Do Not Wish For Another Season

by Annie Reneau
Romrodphoto / Shutterstock

Winter hit early my first year as a mother. It was only September — my newborn just a month old — when the first bitter blast hit. Up until that point, I had been cozy and warm, cuddled and tucked into my new life with this new life.

Then the crying started.

The crying came on like a blizzard, shutting out everything and everyone, making it impossible to see 3 feet in front of me. It covered me, blinded me, surrounded me in a disorienting whirlwind of high-pitched, spine-shattering wails.

I was so tired. So tired. And the crying was so relentless. I felt trapped inside this colicky newborn stage that goes by quickly only in hindsight. I found myself starting to loathe this season, yearning for the next phase, wishing for the next milestone to hit.

I forgot for a moment that seasons pass, always and forever, ad infinitum. Winter gives way to spring, spring turns to summer, summer gives way to autumn, and autumn surrenders to winter. Seasons do not last, for better or for worse. It’s as true in motherhood as it is in Mother Nature. And just as each season has its strengths and its shortcomings, each phase of parenting does, too.

Winter means hot chocolate, cozy fires, and twinkle lights — but it also means teeth chattering, snow shoveling, and treacherous driving. The newborn phase means the baby head smell (Lord have mercy), silky skin, and sweet firsts — but also random crying, sleepless nights, and intermittent showering. You can’t have the sweet without the bitter.

Spring brings fresh air, flower buds, and baby animals, but also muddy entryways, unpredictable weather, and allergies. The toddler phase brings hilarious talking, the sweetest hugs, and bursts of new learning, along with willfulness, meltdowns, and erratic nap schedules. You can’t have the wonder without the work.

Summer means swimming, sundresses, and evening barbecues, but also sweating, sunburns, and bees. The elementary years mean independence, complex thought, and burgeoning personalities, but also moodiness, friendship woes, and homework battles. You can’t have the positive without the negative.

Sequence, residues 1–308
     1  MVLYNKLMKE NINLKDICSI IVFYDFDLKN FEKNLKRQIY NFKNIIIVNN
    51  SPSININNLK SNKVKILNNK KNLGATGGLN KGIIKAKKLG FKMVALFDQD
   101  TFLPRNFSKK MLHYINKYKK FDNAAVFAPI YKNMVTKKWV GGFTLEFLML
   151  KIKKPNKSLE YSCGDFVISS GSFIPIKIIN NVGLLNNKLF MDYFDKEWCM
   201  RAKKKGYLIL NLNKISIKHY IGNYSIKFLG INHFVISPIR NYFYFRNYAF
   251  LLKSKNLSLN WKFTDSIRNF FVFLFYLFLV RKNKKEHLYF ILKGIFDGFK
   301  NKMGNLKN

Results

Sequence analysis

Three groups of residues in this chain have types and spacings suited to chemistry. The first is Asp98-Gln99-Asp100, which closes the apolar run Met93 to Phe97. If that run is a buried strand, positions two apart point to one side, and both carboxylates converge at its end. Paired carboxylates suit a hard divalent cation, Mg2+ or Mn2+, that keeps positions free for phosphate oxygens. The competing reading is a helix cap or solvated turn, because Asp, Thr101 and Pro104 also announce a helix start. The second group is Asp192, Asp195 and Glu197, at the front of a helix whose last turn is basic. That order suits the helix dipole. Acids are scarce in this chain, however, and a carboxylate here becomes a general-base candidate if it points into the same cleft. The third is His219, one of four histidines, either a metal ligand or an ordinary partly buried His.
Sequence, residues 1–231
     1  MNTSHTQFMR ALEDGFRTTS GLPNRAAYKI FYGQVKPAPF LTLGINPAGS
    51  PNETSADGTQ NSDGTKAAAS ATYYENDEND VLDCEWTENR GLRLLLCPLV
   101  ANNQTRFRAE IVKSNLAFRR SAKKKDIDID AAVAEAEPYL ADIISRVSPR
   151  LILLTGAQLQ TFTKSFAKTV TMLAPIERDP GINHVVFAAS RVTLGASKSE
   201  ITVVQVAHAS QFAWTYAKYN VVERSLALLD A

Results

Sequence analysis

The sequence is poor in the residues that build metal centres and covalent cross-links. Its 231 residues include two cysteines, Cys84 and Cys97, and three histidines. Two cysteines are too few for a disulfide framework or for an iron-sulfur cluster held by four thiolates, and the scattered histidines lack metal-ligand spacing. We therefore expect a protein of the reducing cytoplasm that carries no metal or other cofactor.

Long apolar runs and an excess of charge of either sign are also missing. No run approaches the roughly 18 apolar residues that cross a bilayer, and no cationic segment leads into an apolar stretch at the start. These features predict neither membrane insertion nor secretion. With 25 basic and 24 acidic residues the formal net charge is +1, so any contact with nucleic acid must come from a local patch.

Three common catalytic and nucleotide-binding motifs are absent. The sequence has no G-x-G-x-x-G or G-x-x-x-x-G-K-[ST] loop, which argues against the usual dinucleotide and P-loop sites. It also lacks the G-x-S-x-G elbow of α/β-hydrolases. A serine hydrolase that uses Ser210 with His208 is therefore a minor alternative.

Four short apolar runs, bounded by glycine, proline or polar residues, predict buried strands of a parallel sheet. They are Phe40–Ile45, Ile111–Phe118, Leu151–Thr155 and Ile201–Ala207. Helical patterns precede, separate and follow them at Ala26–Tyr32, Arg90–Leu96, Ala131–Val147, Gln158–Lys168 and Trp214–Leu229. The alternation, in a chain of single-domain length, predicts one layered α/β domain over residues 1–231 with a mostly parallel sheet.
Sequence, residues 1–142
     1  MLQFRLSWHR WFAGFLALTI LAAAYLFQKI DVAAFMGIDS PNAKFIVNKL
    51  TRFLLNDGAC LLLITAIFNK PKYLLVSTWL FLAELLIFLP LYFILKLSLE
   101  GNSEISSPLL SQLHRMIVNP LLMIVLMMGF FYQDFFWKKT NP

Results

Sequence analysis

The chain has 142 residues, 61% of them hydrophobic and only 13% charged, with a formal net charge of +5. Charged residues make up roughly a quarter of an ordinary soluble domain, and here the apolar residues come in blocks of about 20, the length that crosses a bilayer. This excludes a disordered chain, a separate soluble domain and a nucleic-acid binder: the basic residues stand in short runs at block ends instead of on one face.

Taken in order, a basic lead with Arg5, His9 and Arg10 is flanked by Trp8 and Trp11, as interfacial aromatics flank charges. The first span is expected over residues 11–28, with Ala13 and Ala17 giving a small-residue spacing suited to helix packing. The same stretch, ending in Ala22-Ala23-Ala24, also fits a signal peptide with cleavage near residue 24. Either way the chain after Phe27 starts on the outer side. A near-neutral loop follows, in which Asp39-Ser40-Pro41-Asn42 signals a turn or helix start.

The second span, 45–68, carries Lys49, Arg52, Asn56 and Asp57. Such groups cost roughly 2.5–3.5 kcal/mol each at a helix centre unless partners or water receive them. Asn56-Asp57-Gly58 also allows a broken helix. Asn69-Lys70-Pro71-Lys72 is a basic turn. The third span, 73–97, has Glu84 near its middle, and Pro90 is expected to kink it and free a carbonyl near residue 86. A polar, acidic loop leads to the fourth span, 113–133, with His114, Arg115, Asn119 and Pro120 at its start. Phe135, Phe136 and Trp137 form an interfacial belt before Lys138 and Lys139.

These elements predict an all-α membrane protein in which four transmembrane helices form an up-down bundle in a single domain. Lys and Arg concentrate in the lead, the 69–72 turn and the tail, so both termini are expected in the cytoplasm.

Autumn gives us gorgeous colors, mild weather, and apple cider, but also spiders inside, candy hangovers (just me?), and endless leaves to rake. The teen years give us mature senses of humor, deep conversations, and extra drivers, but also relationship issues, grown-up problems, and the pain of letting go. You can’t have the fun without the frustration.

It’s tempting to wish for a season to pass when you’re right in the thick of it. When your baby isn’t sleeping, your preschooler refuses to cooperate, or your older kid regresses and whines like a toddler, it’s natural to think that the next stage must be easier. But it’s not. It’s just as magical and maddening as the season you’re in, just in different ways.

And all of those positives in each parenting phase? They don’t last. Like leaves changing color and dropping from the trees, those moments of magic drift into memories, only to be relived through the haze of the past. Baby chubs, toddler giggles, big kid discoveries, bigger kid heart-to-hearts — if you aren’t mindful of these gifts in spite of the constant chaos of parenthood, you will find that you missed out on what makes it all worthwhile.

So embrace the season you are in, even with its inconveniences, annoyances, and heartaches. Smell the flowers, splash in the puddles, feel the leaves crunching under your feet, listen to the silence of the snow falling. Look at your children, knowing that their beauty will change tomorrow. Take pictures and record their voices, knowing you can’t capture the feel of their hand in yours or the smell of their silky hair. Hold them in your arms, knowing they will never be again what they are in this moment.

Take breaks when you need to — and you will need to — but do not wish for another season. I promise, it’s already on its way.